Tesco U.S. Exit Could Cost $382 Million in Cash, Shore Estimates
While Tesco would face a 1 billion-pound writedown on the U.S., according to a Telegraph report, the “greater area of interest is the cash costs from exit, given most investors will have already anticipated the paper adjustment to the asset base,” Shore analyst Clive Black wrote in a note to investors.
Tesco Chief Executive Officer Philip Clarke is reviewing all options for the U.S. stores and has said he will report on the progress at the company’s results on April 17. While Aldi is seen as one of the potential buyers, a closure of Fresh & Easy and then a piece-by-piece sale of the assets remains the most likely outcome, the Telegraph reported today, without saying where it got the information.
Under Clarke, Tesco also paid 40 million pounds last year to offload a 50 percent stake in its Japanese unit, after deciding to refocus on its domestic business. Tesco’s market share at home has been squeezed by discounters like Aldi and more upmarket supermarkets like Waitrose and J Sainsbury Plc. (SBRY)
Spokespeople at Tesco weren’t immediately available to comment. Tesco shares rose as much as 4.05 pence, or 1.1 percent, to 373.10 pence as of 11:06 a.m. in London trading. The stock is up 11 percent this year, giving the company a market value of 30 billion pounds.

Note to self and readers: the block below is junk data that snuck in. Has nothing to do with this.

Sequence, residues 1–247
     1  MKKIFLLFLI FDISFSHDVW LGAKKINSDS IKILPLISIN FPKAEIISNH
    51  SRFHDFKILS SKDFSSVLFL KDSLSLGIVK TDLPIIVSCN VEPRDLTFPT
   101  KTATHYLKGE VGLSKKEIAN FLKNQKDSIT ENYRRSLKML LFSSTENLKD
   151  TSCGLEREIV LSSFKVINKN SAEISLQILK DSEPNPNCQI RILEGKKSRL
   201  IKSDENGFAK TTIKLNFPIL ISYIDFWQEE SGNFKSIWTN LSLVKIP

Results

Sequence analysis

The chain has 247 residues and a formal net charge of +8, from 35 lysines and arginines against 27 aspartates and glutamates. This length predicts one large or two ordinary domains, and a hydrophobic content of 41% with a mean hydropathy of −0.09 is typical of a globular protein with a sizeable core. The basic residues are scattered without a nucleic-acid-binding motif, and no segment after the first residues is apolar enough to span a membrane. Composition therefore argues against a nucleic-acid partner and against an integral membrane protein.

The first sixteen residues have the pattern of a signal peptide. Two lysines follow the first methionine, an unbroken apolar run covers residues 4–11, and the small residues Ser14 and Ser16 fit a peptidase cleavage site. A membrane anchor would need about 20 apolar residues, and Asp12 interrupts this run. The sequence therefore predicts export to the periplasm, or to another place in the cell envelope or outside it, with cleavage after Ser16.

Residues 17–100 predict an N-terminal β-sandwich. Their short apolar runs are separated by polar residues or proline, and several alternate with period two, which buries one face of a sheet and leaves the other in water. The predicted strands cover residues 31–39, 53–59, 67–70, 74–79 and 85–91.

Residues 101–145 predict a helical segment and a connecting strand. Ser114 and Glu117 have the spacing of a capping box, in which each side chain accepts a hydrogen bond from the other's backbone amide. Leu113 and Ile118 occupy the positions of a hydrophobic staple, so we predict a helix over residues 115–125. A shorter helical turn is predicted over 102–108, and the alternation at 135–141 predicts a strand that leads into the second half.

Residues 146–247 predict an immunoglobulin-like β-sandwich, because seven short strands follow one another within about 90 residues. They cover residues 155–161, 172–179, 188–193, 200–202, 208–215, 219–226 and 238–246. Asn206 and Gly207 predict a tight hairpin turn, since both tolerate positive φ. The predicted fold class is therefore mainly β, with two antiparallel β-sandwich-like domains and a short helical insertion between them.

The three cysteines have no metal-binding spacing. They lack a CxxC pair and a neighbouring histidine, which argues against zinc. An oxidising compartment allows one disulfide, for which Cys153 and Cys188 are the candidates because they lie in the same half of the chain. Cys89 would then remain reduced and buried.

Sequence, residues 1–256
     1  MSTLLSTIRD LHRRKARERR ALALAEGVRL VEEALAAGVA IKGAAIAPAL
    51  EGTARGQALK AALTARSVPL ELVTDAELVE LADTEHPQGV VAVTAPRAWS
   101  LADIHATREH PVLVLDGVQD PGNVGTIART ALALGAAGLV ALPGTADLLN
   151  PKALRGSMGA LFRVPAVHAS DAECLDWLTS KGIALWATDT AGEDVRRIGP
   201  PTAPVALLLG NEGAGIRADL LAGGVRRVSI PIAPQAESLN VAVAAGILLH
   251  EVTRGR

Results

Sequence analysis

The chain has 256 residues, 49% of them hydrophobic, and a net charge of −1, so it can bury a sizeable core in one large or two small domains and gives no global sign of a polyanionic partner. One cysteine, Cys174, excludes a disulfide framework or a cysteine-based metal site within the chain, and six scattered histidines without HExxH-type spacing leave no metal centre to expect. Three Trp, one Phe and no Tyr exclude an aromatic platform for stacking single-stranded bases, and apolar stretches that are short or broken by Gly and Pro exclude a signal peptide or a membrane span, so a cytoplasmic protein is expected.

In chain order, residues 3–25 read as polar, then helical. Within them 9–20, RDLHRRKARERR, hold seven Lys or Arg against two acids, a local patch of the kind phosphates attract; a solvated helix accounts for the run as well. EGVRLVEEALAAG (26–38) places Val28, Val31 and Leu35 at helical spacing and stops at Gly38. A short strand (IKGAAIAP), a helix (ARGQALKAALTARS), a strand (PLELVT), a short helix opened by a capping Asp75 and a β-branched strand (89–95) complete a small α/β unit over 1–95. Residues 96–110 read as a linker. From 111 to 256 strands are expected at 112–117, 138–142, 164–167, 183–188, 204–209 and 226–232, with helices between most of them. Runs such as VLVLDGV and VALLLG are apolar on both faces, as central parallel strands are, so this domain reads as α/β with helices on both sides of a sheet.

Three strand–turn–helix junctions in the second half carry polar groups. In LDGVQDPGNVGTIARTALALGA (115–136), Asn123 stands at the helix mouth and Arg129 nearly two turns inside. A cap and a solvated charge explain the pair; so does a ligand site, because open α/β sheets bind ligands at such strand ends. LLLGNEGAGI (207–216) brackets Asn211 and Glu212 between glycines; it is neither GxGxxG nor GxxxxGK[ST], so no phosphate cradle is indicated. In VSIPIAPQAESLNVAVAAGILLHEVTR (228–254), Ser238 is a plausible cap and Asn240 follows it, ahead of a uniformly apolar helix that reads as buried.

Tesco has invested about 1 billion pounds in the U.S. since creating the business in 2007, targeting the West Coast with a series of neighborhood urban stores in a market dominated by big-box supermarkets. Fresh & Easy distinguishes itself with a focus on budget-priced, healthy food and a predominance of own- brand items. Getting the business to produce an acceptable return would take too long, Clarke said in December.
Leaving the U.S. could cost Tescoanything between nothing and 500 million pounds, Shore’s Black estimates, depending on store disposals, the sale of the Riverside, California, distribution center and three adjacent food factories, the closure of the Los Angeles head office and associated redundancy costs.
While the exit would represent a blow to Tesco’s reputation, “the balance sheet can handle the hit,” Black said, adding that Tesco’s earnings-per-share will benefit “from the removal of the drag of U.S. losses.”
In April 2012, Clarke pushed back a goal for Fresh & Easy to reach break-even until fiscal 2013 and vowed to slow store openings and focus on getting each store to profitability. Fresh & Easy’s same-store sales rose 1.8 percent in the third quarter, worse than the prior quarter’s 6.9 percent growth.
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